MyRA accounts ending

I think there has finally been some good to come out of this Administration. Treasury Secretary Steve Mnuchin has announced that the MyRA program is being shut down. That's good for the American taxpayer and neutral for the approximately 30,000 people who have these accounts, which have been available for nearly 2 years.

According to the SF Chronicle and other news sources, the bill to administer the program has been $70,000,000.  With 30,000 account holders who are earning Treasury interest rates, the cost to the government has amounted to $1,166 per account per year.

Here's an idea: If the government wants to encourage people to have IRA's, that aren't subject to the $15,000 maximum account value that the MyRA is, create a tax credit that reimburses people for the annual custodial fee of $15 to $30 that some banks and credit unions charge. Vanguard only charges $20 per year, and that only if the retirement account balance is less than $10,000. 

These are reasonable fees for custody and record keeping, and there's a good argument that investors with small balances are discouraged by having to pay these fees. A tax credit to offset that fee solves the problem, without adding yet another type of government controlled retirement program, that has only one investment choice, and requires people to leave the program anyway, after a few years of contributions.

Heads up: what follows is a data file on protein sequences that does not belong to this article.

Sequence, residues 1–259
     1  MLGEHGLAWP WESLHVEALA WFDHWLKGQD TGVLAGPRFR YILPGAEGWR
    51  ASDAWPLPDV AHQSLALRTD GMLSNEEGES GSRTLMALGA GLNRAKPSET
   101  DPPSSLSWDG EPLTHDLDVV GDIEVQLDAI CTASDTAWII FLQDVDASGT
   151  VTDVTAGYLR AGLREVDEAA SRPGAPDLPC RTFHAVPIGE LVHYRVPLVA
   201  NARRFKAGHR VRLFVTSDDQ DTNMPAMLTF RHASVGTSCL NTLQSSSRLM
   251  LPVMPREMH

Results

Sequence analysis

Update on Interest Rates

Since my last post, the Federal Reserve has raised rates 3 times, so short term rates are getting closer to their long term historical rates. I think we can all agree that it is uncomfortable having money in a bank savings account earning 1/10 of 1%, when it will take at least 2% more in a year to buy the same amount of stuff, due to inflation.

In the short term, increases in interest rates hurt the principal value of bond funds. As each bond in the portfolio matures, and is replaced with one that pays the current, higher, rate, the annual income will go up correspondingly. There is a measure called "Duration" which helps measure this effect. If you'd be interested in attending an online session to learn more about this, drop me a line and let me know.